Most alarmingly, they said, the commission recently obtained intelligence showing that Iran had allowed as many as 10 of the terrorists involved in the Sept. 11 attacks to pass through border stations in late 1990 and early 1991 without having their passports stamped, making it easier for them to enter the United States without raising suspicions.
In his television interview on Sunday, Mr. McLaughlin said eight of the hijackers had passed through Iran "at some point in their passage along their operational path." But he cautioned that the C.I.A. did not have evidence to implicate Iran in the attacks.
"We have no evidence that there is some sort of official sanction by the government of Iran for this activity," he said. "We have no evidence that there is some sort of official connection between Iran and 9/11."
In his meeting with reporters on Monday, Mr. Bush seemed to suggest that despite the C.I.A.'s appraisal, the administration believed there might in fact be an Iranian connection to Sept. 11.
"As to direct connections with September the 11th, you know we're digging into the facts to determine if there was one," he said. "We will continue to look and see if the Iranians were involved."
He also said: "I have long expressed my concerns about Iran. After all, it's a totalitarian society where free people are not allowed to, you know, exercise their rights as human beings." He said, "This has been an issue that I have been concerned about ever since I've been the president."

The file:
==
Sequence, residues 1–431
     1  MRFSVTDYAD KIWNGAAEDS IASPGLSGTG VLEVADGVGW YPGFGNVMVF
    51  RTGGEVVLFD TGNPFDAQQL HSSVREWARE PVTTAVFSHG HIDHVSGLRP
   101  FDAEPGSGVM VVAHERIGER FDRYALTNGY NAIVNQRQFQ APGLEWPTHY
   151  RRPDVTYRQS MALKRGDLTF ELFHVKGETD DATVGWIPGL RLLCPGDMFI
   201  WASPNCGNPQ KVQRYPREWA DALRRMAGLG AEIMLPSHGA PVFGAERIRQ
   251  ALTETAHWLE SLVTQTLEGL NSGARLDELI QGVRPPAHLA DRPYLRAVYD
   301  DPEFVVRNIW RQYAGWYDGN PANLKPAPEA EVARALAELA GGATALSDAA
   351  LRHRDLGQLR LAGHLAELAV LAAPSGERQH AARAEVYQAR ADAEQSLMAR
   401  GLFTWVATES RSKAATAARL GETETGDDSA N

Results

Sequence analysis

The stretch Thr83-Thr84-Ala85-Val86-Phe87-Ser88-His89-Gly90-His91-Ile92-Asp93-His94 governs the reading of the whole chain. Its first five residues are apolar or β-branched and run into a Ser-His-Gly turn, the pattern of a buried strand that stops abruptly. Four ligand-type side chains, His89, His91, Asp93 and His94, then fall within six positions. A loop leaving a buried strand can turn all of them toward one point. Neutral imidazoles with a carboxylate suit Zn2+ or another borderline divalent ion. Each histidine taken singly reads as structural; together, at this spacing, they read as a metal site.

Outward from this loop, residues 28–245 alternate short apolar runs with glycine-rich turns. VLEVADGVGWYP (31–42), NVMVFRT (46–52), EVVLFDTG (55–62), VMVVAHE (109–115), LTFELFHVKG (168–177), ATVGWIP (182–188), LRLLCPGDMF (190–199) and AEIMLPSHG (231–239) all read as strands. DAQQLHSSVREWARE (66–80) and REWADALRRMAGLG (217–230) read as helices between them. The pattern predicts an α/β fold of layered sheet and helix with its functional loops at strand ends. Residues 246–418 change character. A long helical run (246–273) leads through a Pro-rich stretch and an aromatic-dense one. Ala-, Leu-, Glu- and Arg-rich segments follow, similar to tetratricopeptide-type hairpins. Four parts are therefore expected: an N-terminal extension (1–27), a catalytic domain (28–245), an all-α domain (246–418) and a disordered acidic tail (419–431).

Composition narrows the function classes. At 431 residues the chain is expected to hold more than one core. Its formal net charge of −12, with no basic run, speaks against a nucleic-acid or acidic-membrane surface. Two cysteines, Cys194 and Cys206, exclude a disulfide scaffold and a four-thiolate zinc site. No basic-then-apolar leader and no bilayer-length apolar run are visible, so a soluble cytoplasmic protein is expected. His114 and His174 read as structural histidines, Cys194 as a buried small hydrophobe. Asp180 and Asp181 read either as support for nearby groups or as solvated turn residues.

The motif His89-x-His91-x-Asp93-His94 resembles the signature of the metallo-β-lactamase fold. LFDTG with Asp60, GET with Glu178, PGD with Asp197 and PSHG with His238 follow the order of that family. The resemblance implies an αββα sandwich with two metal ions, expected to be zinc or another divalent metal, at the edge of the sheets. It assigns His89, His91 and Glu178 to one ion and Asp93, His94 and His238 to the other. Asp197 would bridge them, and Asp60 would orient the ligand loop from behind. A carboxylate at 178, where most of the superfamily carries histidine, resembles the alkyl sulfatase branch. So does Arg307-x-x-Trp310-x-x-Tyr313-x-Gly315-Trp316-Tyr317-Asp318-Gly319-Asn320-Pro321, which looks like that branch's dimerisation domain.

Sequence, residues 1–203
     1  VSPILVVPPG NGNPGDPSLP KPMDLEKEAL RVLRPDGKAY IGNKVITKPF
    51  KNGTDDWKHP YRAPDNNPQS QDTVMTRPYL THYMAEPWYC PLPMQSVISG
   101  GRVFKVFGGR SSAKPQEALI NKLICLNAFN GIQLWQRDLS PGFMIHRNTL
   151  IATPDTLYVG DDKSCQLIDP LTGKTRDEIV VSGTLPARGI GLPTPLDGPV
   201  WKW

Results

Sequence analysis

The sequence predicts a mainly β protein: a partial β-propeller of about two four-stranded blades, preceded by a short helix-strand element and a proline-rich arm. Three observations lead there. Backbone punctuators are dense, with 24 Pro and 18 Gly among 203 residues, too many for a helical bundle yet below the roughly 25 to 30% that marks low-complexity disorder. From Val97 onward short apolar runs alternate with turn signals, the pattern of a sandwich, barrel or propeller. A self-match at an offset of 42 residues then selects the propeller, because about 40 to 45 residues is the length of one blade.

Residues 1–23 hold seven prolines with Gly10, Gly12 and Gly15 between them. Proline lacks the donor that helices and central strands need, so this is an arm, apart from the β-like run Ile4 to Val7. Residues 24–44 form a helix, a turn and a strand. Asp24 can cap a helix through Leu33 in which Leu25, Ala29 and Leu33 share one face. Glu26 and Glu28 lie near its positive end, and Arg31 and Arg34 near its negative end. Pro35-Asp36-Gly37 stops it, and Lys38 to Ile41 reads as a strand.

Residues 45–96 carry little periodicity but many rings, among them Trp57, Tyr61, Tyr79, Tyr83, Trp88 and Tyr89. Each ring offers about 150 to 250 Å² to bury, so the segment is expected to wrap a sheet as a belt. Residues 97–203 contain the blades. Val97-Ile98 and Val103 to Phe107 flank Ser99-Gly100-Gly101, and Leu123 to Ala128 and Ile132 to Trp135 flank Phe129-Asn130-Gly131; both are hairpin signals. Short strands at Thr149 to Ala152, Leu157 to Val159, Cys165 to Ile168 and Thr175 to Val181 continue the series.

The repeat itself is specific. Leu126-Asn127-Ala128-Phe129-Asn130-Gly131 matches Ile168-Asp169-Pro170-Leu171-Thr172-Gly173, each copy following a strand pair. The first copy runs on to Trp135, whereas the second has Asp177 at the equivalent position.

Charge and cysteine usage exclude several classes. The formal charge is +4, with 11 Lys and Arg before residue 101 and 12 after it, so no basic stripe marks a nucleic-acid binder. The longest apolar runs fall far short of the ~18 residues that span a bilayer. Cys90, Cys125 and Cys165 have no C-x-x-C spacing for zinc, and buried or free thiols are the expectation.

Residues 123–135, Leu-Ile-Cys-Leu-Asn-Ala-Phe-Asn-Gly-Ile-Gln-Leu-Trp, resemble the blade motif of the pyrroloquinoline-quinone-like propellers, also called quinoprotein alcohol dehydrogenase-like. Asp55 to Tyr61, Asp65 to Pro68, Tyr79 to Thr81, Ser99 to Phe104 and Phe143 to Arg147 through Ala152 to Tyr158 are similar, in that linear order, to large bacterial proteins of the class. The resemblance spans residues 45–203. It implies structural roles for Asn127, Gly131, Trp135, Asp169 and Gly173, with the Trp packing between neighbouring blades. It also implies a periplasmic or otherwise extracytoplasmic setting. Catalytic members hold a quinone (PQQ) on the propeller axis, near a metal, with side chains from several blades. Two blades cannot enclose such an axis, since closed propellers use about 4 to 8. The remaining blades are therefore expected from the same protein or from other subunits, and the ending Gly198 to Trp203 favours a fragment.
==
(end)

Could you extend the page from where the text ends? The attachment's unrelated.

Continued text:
But Mr. McClellan, his spokesman, later suggested to reporters that the president's remarks should not be read to imply that the United States had any evidence that Iran knew in advance about the Sept. 11 plot. "There's no evidence to suggest anything there," he said.
A spokesman for the Sept. 11 commission, known formally as the National Commission on Terrorist Attacks Upon the United States, said the panel welcomed the president's comments suggesting that he was receptive to its findings and that he would act on the report.
"We're gratified by the president's comments," said the spokesman, Al Felzenberg, who said the commission planned to brief Mr. Bush and Congressional leaders in person about the findings of the report before its release to the public on Thursday.
In a statement, the panel's vice chairman, Lee H. Hamilton, a former House member from Indiana, said the commission hoped "that the president and the Congress study our recommendations with care and act on them quickly." Mr. Hamilton added: "The terrorist threat to the United States has not disappeared. Future attacks are expected."
Mr. Felzenberg said the report had been completed over the weekend and sent to publishers on Monday morning. The government's version is being published by the Government Printing Office, while a private, authorized version is being published by W. W. Norton, which is planning to distribute 500,000 copies to bookstores across the country.
Mr. Felzenberg said that a pre-publication review of the report by the White House had gone relatively smoothly and that in declassifying the book-length document, the White House had not demanded any substantial editing of the contents.
"I was told that none of the contents were changed, none of the findings," he said, adding that there would be no deletions or whited-out pages in the report released to the public. "We had a good experience with the White House on this."